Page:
Being a Day Laborer in the USA

Author: Juan Thomas Ordonez

Publisher: University of California Press

ISBN: 0520277864

Category: Social Science

Page: 280

View: 976


The United States has seen a dramatic rise in the number of informal day labor sites in the last two decades. Typically frequented by Latin American men (mostly “undocumented” immigrants), these sites constitute an important source of unskilled manual labor. Despite day laborers’ ubiquitous presence in urban areas, however, their very existence is overlooked in much of the research on immigration. While standing in plain view, these jornaleros live and work in a precarious environment: as they try to make enough money to send home, they are at the mercy of unscrupulous employers, doing dangerous and underpaid work, and, ultimately, experiencing great threats to their identities and social roles as men. Juan Thomas Ordóñez spent two years on an informal labor site in the San Francisco Bay Area, documenting the harsh lives led by some of these men during the worst economic crisis that the United States has seen in decades. He earned a perspective on the immigrant experience based on close relationships with a cohort of men who grappled with constant competition, stress, and loneliness. Both eye-opening and heartbreaking, the book offers a unique perspective on how the informal economy of undocumented labor truly functions in American society.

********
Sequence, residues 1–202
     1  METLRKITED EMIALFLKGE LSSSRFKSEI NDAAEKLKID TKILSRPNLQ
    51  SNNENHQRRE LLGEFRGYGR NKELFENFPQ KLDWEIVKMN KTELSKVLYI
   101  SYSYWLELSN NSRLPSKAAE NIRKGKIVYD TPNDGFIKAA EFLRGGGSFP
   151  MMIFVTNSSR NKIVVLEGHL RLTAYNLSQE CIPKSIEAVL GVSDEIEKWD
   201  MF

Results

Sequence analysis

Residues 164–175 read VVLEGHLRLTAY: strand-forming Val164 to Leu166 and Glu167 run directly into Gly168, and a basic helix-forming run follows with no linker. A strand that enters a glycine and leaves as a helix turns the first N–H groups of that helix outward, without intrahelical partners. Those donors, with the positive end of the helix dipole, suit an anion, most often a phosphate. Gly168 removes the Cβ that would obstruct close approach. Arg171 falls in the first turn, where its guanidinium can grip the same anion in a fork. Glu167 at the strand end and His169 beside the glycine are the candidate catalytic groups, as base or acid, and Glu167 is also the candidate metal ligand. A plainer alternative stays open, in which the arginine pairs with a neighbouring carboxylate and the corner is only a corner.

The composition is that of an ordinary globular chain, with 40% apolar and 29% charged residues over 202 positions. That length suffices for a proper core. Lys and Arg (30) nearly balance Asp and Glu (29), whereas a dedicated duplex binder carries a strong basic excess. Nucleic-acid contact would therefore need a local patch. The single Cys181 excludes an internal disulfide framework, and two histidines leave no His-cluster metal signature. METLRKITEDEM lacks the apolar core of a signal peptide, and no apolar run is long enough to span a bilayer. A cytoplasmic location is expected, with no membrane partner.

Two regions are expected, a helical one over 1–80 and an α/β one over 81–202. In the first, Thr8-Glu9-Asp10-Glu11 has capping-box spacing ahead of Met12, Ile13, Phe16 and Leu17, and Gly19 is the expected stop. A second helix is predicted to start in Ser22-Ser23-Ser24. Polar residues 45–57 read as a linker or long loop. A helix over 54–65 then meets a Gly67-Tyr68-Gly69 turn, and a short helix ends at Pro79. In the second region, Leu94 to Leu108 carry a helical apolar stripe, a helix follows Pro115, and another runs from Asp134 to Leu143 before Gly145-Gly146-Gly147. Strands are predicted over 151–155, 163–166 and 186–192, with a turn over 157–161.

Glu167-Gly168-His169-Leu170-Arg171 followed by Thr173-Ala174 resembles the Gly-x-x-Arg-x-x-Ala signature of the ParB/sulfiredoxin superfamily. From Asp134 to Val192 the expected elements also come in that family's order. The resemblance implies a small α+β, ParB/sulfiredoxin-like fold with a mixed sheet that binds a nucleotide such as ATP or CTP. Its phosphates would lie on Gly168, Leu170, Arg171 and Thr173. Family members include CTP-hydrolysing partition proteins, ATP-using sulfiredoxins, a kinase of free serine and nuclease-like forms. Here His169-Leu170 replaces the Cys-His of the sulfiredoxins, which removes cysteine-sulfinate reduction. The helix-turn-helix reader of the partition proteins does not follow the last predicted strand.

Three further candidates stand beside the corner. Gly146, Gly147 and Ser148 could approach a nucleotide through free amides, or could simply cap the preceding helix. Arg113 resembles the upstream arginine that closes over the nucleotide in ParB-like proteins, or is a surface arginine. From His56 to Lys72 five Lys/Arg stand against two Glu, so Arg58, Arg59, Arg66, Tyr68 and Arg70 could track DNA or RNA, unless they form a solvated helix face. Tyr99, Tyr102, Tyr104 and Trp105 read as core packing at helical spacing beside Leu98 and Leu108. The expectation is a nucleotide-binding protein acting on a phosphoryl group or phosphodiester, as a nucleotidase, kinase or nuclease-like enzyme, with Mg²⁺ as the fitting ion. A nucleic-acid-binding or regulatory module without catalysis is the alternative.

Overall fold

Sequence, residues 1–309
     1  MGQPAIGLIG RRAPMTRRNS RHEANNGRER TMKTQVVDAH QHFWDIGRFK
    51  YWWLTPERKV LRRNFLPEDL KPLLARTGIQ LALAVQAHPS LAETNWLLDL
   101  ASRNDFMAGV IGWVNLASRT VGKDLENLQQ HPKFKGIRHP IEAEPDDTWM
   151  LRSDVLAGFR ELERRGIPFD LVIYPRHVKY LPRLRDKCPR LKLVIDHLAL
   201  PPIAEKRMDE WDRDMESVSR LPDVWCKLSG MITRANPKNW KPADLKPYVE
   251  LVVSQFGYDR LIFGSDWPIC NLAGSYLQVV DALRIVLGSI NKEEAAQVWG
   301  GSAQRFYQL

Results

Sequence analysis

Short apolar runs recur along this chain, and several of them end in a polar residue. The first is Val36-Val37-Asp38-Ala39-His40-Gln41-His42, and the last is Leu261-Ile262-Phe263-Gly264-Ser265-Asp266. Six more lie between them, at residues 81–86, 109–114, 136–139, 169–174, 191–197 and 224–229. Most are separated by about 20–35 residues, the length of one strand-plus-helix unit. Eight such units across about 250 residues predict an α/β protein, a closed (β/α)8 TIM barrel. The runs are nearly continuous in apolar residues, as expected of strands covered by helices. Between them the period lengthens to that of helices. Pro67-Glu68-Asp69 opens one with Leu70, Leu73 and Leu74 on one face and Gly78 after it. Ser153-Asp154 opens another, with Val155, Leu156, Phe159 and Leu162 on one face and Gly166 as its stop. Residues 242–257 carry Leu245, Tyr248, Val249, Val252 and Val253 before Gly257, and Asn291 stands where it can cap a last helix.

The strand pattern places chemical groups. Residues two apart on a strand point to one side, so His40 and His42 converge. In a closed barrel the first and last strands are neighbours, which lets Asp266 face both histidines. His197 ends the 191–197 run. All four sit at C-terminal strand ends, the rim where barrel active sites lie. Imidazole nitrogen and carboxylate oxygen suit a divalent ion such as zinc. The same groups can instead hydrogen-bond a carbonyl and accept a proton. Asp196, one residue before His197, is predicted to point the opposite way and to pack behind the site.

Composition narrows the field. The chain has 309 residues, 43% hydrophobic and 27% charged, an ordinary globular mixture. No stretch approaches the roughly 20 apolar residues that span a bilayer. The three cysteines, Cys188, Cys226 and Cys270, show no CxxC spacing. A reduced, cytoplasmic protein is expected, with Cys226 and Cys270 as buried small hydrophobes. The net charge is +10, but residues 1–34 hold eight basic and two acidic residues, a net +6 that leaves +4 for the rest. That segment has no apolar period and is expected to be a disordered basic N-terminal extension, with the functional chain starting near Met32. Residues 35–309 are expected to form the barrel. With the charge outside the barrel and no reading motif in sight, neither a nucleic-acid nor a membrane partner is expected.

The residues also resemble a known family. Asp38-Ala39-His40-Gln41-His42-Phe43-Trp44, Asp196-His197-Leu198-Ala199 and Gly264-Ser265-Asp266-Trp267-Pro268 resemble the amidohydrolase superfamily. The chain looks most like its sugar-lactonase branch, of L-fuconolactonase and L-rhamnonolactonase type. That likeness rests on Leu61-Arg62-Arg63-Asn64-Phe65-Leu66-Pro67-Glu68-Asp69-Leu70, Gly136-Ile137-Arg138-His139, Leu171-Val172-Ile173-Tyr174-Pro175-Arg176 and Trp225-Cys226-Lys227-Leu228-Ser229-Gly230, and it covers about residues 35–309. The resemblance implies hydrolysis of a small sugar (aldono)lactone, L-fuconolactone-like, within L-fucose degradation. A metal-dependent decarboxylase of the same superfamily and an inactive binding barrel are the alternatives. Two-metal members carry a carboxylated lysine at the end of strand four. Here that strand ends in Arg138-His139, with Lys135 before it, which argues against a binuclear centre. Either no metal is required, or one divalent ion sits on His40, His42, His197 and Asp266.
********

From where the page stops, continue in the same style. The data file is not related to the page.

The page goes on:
Temporary Appropriation in Cities

Human Spatialisation in Public Spaces and Community Resilience

Author: Alessandro Melis,Jose Antonio Lara-Hernandez,James Thompson

Publisher: Springer Nature

ISBN: 3030321207

Category: Science

Page: 256

View: 8273


This book conceptualises and illustrates temporary appropriation as an urban phenomenon, exploring its contributions to citizenship, urban social sustainability and urban health. It explains how some forms of appropriation can be subversive, existing in a grey area between legal and illegal activities in the city. The book explores the complex and the multi-scalar nature of temporary appropriation, and touches on its relationship to issues such as: sustainability and building re-use; culture; inclusivity, including socio-spatial inclusion; streetscape design; homelessness; and regulations controlling the use of public spaces. The book focuses on temporary appropriation as a necessity of adapting human needs in a city, highlighting the flexibility that is needed within urban planning and the further research that should be undertaken in this area. The book utilises case studies of Auckland, Algiers and Mexico City, and other cities with diverse cultural and historical backgrounds, to explore how planning, design and development can occur whilst maintaining community diversity and resilience. Since urban populations are certain to grow further, this is a key topic for understanding urban dynamics, and this book will be of interest to academics and practitioners alike.